Blog > Career development > How to avoid CV clichés that could cost you the job

How to avoid CV clichés that could cost you the job

Find out why "entrepreneurial and motivated team players" are missing out on interviews .

Share on Facebook143Share on Google+0Tweet about this on Twitter0Share on LinkedIn0Email this to someone

You might think that your CV contains a lot of great information that will sell your skills to a new employer, but does it?

Are you ‘a great communicator who works well alone or as part of a team’? That’s great, but that statement is a classic example of a CV cliché and is virtually meaningless to a recruiter.

What information should you include?

When you are thinking about what information to include, the key things to ask yourself are:

• “Is it relevant to the jobs I’m going for?”

Once you have found a job, read the job description and identify the skills required. Make sure they are visible in your CV. For example, communication:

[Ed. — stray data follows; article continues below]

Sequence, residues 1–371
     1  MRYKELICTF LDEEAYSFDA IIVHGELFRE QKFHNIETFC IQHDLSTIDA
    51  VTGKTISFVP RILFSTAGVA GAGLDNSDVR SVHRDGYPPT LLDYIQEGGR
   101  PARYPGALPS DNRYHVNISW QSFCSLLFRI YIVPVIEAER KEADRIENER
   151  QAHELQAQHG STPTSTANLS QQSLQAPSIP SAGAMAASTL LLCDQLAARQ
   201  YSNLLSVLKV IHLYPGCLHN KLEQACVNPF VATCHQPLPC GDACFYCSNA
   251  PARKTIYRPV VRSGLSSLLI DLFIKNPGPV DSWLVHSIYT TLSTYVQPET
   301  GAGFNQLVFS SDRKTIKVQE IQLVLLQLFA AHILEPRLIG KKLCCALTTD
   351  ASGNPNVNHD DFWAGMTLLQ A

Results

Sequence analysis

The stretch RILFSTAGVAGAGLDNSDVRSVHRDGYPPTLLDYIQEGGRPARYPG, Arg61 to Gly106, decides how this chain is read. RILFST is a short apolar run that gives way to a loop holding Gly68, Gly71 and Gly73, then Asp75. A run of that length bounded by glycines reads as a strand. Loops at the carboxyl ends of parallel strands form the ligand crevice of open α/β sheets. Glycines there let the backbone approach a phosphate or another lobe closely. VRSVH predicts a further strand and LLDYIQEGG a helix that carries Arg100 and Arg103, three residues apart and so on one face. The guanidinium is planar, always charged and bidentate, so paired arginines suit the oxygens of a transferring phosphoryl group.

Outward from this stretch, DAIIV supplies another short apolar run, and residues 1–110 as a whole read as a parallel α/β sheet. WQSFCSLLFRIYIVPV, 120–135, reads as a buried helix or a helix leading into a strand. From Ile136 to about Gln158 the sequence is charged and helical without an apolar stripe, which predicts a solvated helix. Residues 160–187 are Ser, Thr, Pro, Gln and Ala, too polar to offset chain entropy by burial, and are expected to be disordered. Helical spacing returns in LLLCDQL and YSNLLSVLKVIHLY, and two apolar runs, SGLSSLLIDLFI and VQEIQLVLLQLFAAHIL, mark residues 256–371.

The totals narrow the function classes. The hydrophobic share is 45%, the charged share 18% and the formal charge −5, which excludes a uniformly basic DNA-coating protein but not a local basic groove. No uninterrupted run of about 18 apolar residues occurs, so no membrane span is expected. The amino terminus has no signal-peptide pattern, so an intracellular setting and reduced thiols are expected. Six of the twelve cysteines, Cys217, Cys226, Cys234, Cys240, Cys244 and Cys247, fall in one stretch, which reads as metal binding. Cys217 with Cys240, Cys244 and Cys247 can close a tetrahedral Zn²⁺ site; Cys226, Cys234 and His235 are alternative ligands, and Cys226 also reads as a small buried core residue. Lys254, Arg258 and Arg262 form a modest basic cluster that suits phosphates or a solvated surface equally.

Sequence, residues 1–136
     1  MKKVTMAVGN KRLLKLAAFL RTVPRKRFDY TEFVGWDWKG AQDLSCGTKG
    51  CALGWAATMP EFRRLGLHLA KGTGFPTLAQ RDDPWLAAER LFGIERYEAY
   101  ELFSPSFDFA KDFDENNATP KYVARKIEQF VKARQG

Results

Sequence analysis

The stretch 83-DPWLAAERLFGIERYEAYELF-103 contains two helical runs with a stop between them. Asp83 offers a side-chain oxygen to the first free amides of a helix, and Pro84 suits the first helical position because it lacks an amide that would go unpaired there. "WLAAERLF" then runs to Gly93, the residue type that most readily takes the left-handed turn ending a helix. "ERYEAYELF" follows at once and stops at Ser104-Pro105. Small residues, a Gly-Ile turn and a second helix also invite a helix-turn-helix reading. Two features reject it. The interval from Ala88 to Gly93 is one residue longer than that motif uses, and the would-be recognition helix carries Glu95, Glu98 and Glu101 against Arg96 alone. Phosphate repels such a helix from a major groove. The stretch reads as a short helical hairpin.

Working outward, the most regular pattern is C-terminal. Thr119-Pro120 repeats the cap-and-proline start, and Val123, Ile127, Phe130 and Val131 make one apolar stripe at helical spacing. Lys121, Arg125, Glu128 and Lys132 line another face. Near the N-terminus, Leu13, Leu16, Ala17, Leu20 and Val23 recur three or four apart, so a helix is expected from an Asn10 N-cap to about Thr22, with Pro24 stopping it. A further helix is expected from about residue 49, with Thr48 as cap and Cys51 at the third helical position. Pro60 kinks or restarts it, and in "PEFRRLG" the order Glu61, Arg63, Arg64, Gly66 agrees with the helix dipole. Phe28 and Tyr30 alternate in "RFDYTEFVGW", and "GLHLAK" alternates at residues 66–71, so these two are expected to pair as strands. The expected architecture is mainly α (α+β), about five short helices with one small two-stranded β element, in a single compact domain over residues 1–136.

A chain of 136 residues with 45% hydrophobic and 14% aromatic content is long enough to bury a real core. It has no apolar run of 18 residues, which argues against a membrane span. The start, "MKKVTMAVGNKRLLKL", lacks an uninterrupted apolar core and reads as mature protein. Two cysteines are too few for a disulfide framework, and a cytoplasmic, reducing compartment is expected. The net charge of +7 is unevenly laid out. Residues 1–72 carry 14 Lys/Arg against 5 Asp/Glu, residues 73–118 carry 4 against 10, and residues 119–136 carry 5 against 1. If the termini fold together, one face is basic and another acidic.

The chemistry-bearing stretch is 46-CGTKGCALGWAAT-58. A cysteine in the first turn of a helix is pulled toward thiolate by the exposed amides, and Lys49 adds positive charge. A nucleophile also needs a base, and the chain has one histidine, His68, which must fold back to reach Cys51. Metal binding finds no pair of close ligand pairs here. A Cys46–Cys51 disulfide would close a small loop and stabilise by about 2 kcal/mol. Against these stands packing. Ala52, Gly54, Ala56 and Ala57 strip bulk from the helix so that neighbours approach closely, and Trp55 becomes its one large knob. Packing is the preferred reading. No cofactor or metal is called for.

Do say: “Completed a complex project by communicating with all levels of the business and external partners.”

Don’t say: “A great communicator who loves meeting new people.”

• “Does it show off my skills and how I have used them?”

The best thing to do is show how you have used your skills and what you have achieved, thus showing what you can bring to a new company.

Do say: “Increased sales by 25% through holding one-to-one training sessions with the sales team.”

Don’t say: “Has experience training and developing staff.”

• “Could I copy and paste it onto someone else’s CV?”